Strategy AssociatesInsights Roadmap for High Performance Elements

Roadmap for High Performance Elements

“In classical thermodynamics, equilibrium is the end state in the evolution of the isolated (closed) systems, the point at which the system has exhausted all of its capacity for work, done its work, and dissipated its productive capacity into useless entropy. Equilibrium is neither the goal nor the fate of living systems, simply because as open-systems they are partners with their environment, with the possibility of importing free energy from the environment and exporting entropy.

They don’t sit quietly by as their energy dissipates. They don’t seek equilibrium. Quite the opposite. To stay viable, open-systems maintain a state of non-equilibrium, keeping the system off-balance so that it can change and grow. They participate in an active exchange with their world, using what is there for their own renewal.”

— Meg Wheatley, Leadership and the New Science

There are nine elements involved in the Roadmap for High Performance. Each has its own unique contribution to the journey towards excellence and competitive advantage, but together–as a system–they proclaim a single compelling truth: You too can do it, and you can do it yourself.

  • But just what can you do yourself? The answer revolves around the following nine outcomes of high performance and excellence:
  • You can gain, retain, and delight customers by focusing every part of you quality system on meeting their needs and expectations.
  • You can understand the scope and operation of your organization’s quality system, no matter what type of business you are in.
  • You can deepen senior management’s commitment to quality and spread it around the organization, thereby creating a unified team working together to achieve common goals.
  • You can develop trained, empowered, and enthusiastic workers dedicated to continuous improvement.
  • You can plan for quality leadership in five years, in one year, next month, this week.
  • You can construct a systematic approach to managing the information you need to insure and improve your competitive performance.
  • You can initiate improvements that address the most serious deficiencies, and most promising opportunities, in all of your processes.
  • You can become a quality leader by acquiring the confidence of a do-it-yourselfer and the right tools and building blocks for the job.
  • You can win, can achieve high performance, and become an excellent organization a three year timeframe, or less.

Confidence comes from knowing what to expect and how to respond. It begins with a basic understanding of the system for high performance. At the beginning, this system can seem mysterious, complex, and foreboding. But like any system, with the aid of this toolkit, it can be understood with a little assistance and a lot of tenacity.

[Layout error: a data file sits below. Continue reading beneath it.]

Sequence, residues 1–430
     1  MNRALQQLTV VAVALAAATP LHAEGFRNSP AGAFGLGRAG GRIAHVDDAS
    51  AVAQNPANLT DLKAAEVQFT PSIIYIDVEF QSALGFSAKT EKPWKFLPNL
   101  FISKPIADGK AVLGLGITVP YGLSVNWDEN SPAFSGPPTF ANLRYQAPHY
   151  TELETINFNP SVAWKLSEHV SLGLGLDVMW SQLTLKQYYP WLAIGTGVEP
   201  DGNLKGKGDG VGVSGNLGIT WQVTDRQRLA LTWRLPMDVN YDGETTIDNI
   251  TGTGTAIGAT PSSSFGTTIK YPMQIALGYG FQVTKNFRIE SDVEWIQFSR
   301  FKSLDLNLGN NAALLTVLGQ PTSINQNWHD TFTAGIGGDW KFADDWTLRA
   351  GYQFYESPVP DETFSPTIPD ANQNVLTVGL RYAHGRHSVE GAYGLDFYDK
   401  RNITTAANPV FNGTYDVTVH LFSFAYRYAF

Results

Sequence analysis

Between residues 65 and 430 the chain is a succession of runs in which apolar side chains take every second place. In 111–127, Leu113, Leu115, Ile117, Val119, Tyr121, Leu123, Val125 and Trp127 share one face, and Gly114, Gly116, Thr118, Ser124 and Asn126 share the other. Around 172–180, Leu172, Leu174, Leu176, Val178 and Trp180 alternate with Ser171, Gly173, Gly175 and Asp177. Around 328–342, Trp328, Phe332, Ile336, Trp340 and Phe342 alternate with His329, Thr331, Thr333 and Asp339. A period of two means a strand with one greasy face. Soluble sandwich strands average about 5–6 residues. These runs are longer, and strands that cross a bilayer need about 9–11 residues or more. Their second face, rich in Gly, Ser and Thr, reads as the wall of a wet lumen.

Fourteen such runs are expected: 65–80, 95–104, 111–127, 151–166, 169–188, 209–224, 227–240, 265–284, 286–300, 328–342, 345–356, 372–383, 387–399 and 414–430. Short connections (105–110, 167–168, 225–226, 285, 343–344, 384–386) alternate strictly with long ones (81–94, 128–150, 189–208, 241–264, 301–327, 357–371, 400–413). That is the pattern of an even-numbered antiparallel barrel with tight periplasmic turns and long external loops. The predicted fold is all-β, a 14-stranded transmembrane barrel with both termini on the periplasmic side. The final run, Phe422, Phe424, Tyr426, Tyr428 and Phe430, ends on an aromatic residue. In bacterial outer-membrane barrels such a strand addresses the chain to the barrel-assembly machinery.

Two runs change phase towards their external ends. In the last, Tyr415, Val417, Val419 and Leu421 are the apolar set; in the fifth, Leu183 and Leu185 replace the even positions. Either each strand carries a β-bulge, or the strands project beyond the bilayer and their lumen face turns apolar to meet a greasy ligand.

This toolkit is based upon the Baldrige Quality Award, the Sterling Award, and the European Quality Award programs and is designed as a value system, an education and communications tool, a vehicle for cooperation, as well as a device to help evaluate quality standards. In the words of Curt Reimann: “It is adaptable to meet the needs of any organization and is being used throughout the land in four basic areas: assessment, setting up a quality system, communications, and education and training.”

Clearer vision is one of the major benefits of the Roadmap for Excellence. The bits and pieces you may have collected about what it takes to instill quality can be found in the criteria and elements. It is a systematic guide to any organization’s quality system. One quality judge has likened it to a “Dewey Decimal System” for quality. The criteria lay the road map to quality improvement before you, then put you on the right path to reach it. Others have used the terms “framework,” “model,” and “blueprint.”

Companies are hungry for a guide through the maze of quality programs, ideas, and personalities. They are using the Roadmap to assess their quality systems, to measure progress, to evaluate applicants for their own internal quality awards, to measure performance, and to improve quality. There are nine separate but related elements in the Roadmap to Excellence as follows:

  • The Pathway to High Performance
  • Categories of Business Excellence
  • Basic Tools for Improvement
  • World-Class Building Blocks
  • The Journey to Excellence
  • The Keys to Organizational Excellence
  • Breakthrough Tools for Results
  • Knowledge Management
  • Macrologistics Management

What every organization must do is understand the status and overall score of its own quality system. The remaining sections of the manual are intended to serve as a do-it-yourself guide in identifying and improving the elements in your quality system. Each section comes complete with an assessment instrument to evaluate the organizations current practices and situation concerning each of the nine components of the Roadmap.